Recently, I found myself in a panic, trying to find beloved footage of sea turtles from my vacation to Maui. I pored over my work laptop, my home desktop, my home external hard drive. Desperately, I tried to think where I would have put the files. It might be on my work desktop or my work external hard drive…
“This is ridiculous!” I thought. Something must be done to control all these files.
We’ve all been there. You accidentally delete an important work project and unthinkingly empty your trash. Your PC succumbs to a virus. Your laptop gets run over by a car. And you sit, numbly, too heartbroken for tears, as you realize that a labor of love—or, at least, tons of time—has been lost forever.
Learn from your mistakes. Maintain an active, well-organized archive. Especially for writers, keeping your work backed up is crucial. Even if something was published in a major venue, you should have your own copy (or copies).
I’m certainly not perfect, but I do try to keep organized, complete archives of all of my work—dating back to when I stored it on floppy drives. (Yeah, I said floppy drives. Now turn down that rap music and get off my lawn, you whippersnappers.) So I have a few suggestions.
Everything important should be backed up in three places. I use external hard drives and cloud storage in addition to local drives (such as my computer’s desktop or Documents folder).
If the phrase “external hard drive” is new to you, don’t panic. Follow these links to the Amazons (or, if you’re into that sort of thing, check them out at your local computer store). Do not look at the price tag! These are your digital babies we’re talking about—this is no time to cheap out. I recommend LaCie, especially the “rugged” drives, which work with both Macs and PCs. My faithful Western Digital drive has stood the test of time, and I haven’t had many problems switching from Mac to PC with it, either. I’m old-school; when I bought the Western Digital drive back in 2006, 320 GB was an amazing amount of space, and I haven’t really needed more than that. However, you might want to spring for the 500 GB or even 1 TB (terabyte) drive if you are storing a lot of photos and video.
Now, on to the fun part: Organizing and backing everything up.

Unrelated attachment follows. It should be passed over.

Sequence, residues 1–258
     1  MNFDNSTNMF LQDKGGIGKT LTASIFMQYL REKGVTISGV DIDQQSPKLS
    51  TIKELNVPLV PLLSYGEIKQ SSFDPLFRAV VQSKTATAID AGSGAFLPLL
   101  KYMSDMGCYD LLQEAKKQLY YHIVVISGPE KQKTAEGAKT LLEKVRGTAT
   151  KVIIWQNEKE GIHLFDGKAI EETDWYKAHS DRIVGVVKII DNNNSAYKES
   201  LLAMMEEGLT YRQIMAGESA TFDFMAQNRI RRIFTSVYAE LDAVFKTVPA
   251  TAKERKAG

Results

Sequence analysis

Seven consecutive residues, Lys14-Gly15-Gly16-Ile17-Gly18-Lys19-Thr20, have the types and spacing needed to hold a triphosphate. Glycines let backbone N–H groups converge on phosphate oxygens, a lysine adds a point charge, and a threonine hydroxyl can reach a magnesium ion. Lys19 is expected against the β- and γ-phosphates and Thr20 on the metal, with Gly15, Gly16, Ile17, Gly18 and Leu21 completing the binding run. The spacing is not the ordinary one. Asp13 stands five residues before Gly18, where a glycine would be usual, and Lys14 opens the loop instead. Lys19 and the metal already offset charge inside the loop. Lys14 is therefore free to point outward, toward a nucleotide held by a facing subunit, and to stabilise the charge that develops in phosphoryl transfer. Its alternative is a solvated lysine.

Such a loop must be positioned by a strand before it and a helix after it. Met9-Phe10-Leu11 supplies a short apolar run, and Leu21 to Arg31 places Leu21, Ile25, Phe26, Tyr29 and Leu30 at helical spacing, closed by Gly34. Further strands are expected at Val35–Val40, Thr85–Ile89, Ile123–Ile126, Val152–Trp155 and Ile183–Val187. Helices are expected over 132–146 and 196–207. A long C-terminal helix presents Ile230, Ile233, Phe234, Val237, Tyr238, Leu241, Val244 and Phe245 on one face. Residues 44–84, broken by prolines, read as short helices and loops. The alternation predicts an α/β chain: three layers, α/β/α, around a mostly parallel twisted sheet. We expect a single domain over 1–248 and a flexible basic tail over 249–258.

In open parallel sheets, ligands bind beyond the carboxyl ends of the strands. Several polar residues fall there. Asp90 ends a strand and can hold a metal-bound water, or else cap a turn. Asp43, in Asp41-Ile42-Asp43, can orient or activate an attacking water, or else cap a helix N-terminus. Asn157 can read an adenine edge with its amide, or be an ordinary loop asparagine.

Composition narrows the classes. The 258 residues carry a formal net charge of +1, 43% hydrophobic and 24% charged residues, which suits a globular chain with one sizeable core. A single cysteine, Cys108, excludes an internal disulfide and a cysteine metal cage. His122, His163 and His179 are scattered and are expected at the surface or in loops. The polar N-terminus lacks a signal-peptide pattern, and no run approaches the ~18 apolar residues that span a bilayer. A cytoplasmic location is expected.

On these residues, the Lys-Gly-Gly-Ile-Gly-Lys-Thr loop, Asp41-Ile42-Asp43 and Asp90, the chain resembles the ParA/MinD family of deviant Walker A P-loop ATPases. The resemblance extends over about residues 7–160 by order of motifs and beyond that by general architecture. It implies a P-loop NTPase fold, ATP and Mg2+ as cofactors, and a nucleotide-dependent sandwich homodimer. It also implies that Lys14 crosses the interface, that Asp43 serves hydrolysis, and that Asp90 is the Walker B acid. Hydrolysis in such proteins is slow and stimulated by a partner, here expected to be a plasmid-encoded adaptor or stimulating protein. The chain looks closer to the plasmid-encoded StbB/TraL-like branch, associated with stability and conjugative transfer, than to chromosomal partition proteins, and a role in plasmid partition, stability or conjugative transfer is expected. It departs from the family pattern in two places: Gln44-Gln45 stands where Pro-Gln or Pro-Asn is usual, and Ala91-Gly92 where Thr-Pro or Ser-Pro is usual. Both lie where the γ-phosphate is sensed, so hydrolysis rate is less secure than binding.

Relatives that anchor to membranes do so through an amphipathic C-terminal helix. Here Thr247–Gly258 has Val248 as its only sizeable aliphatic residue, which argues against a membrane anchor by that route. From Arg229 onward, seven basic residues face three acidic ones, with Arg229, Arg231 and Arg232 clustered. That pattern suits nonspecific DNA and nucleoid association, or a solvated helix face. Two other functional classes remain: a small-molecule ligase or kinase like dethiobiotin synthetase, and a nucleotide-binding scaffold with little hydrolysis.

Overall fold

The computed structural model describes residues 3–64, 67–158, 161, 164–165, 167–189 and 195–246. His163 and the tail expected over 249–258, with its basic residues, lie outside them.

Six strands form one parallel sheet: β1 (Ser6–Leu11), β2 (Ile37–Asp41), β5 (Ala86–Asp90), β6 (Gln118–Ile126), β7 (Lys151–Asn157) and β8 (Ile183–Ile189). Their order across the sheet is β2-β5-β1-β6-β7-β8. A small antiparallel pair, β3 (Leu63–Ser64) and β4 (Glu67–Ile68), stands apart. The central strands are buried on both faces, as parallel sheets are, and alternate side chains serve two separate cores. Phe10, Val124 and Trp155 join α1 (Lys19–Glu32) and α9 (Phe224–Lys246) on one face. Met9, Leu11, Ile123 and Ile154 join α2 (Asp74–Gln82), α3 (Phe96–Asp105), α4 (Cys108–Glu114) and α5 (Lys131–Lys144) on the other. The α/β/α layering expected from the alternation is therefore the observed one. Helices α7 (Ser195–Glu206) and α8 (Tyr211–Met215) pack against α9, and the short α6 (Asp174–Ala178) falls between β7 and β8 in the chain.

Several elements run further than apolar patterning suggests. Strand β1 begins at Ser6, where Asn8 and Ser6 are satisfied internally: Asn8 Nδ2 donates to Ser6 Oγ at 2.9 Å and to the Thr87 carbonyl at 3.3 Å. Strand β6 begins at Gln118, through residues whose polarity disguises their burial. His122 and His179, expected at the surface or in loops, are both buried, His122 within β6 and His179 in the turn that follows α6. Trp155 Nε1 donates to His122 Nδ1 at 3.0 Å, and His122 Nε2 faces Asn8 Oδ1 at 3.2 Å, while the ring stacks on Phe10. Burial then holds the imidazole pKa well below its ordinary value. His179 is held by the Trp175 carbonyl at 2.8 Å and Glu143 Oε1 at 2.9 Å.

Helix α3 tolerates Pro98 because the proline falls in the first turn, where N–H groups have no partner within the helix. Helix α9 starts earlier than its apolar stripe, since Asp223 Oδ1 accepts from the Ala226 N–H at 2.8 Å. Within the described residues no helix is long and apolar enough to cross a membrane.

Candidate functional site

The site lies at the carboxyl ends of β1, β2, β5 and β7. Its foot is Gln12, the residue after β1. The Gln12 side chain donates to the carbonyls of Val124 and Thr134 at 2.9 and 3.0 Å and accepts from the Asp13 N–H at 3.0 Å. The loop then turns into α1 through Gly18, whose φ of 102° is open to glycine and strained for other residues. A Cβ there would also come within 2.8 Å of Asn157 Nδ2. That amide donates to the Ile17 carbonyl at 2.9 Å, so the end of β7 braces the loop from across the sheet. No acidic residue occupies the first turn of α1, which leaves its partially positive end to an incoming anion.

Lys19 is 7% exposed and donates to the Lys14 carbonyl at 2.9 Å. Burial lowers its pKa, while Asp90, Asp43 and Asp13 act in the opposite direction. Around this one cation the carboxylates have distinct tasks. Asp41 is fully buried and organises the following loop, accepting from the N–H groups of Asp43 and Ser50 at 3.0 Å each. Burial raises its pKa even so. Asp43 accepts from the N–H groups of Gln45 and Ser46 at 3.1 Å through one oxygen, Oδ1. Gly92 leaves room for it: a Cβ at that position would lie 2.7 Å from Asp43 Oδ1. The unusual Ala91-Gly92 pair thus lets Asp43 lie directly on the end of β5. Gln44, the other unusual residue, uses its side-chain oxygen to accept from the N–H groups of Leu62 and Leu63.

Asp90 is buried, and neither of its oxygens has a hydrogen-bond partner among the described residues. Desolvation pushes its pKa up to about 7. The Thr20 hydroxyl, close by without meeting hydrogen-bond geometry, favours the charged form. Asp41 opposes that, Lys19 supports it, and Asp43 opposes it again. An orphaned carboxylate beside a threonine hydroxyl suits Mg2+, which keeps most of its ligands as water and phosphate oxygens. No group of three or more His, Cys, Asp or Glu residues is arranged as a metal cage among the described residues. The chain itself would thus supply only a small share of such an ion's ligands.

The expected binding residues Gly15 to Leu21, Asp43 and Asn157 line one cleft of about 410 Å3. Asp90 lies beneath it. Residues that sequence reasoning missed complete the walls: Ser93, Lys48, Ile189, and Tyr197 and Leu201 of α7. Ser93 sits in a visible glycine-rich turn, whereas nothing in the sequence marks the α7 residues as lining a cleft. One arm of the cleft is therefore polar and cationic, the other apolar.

I have two different archives.
One, named “Melody’s Master Archive,” lives on my home desktop and my home external hard drive. Individual folders worth keeping—for instance, a folder containing all of the papers I ever wrote as an undergrad—should also be stored on discs. (And they will be, once I quit writing this blog post and start taking my own advice.)
My Master Archive contains everything that I have deemed worth keeping over the years, from pictures to music to half-baked story ideas. Everything. Every 4-6 months, I make sure everything is organized on the home-desktop version, and then I copy it over to the home external hard drive. The external exists only to store back-ups of the Master Archive. I recommend storing the external in a warm, dry, safe place—perhaps wrapped in silk and nestled among pillows, with a cloud of guardian angels surrounding it. Just like a computer hard drive, external drives can break, so never store anything on an external drive that you don’t also have somewhere else.
Then I have my cloud storage. I use Dropbox primarily, with Google Drive as a backup. I have linked all three of my computers—home desktop, work laptop, and work desktop—to sync with Dropbox, and I keep all of the documents I’m actively working on those folders. Once I’m done with a story or a bunch of reviews, I then move those documents over to my Master Archive and delete them from Dropbox.
Note: Do not store sensitive or confidential information (your social security number, passwords, sources’ names and contact info, W-2s and taxes, pictures of your weed, etc) in the cloud. Identity theft can happen to anyone—even the pros.
It is extremely important to make sure you keep your Dropbox documents backed up. These are the documents that I use every day, and I would be lost without them. It is fearfully easy to delete items in Dropbox, and deleted documents are only retrievable for 30 days. Therefore, I like to create a “Dropbox backup archive” on my home desktop that I update every month or so. I copy all my files to a local desktop in a folder named with the date on which I copied them.
No matter what system you devise, the most important thing is that you save your work in as many places as possible. Hoard it. Your documents, pictures, videos from vacation—all of these digital items comprise hard work and fantastic memories, a life represented by a series of code and some tubes (as I understand). Don’t lose the things that matter to you just because they’re technically not real.
Do it for the sea turtles.
Categories: On Writing